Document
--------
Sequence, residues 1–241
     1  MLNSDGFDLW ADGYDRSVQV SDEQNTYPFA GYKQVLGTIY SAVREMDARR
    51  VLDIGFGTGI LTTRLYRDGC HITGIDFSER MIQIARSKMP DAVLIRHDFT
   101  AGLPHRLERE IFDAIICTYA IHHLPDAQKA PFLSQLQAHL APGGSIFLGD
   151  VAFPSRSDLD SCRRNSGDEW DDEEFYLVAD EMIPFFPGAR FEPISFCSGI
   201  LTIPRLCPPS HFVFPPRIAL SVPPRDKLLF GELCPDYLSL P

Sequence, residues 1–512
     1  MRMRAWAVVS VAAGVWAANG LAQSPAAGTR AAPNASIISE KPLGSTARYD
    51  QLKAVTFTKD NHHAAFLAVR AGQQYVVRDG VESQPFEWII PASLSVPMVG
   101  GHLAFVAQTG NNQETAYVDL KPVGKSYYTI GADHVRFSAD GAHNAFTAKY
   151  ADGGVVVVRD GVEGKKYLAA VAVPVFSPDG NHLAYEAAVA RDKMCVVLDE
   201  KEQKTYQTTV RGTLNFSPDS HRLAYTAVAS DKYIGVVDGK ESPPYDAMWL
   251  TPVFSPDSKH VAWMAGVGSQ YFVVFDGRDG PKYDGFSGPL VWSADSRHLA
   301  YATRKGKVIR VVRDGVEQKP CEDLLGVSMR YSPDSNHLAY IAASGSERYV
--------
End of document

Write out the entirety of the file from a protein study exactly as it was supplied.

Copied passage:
Sequence, residues 1–241
     1  MLNSDGFDLW ADGYDRSVQV SDEQNTYPFA GYKQVLGTIY SAVREMDARR
    51  VLDIGFGTGI LTTRLYRDGC HITGIDFSER MIQIARSKMP DAVLIRHDFT
   101  AGLPHRLERE IFDAIICTYA IHHLPDAQKA PFLSQLQAHL APGGSIFLGD
   151  VAFPSRSDLD SCRRNSGDEW DDEEFYLVAD EMIPFFPGAR FEPISFCSGI
   201  LTIPRLCPPS HFVFPPRIAL SVPPRDKLLF GELCPDYLSL P

Sequence, residues 1–512
     1  MRMRAWAVVS VAAGVWAANG LAQSPAAGTR AAPNASIISE KPLGSTARYD
    51  QLKAVTFTKD NHHAAFLAVR AGQQYVVRDG VESQPFEWII PASLSVPMVG
   101  GHLAFVAQTG NNQETAYVDL KPVGKSYYTI GADHVRFSAD GAHNAFTAKY
   151  ADGGVVVVRD GVEGKKYLAA VAVPVFSPDG NHLAYEAAVA RDKMCVVLDE
   201  KEQKTYQTTV RGTLNFSPDS HRLAYTAVAS DKYIGVVDGK ESPPYDAMWL
   251  TPVFSPDSKH VAWMAGVGSQ YFVVFDGRDG PKYDGFSGPL VWSADSRHLA
   301  YATRKGKVIR VVRDGVEQKP CEDLLGVSMR YSPDSNHLAY IAASGSERYV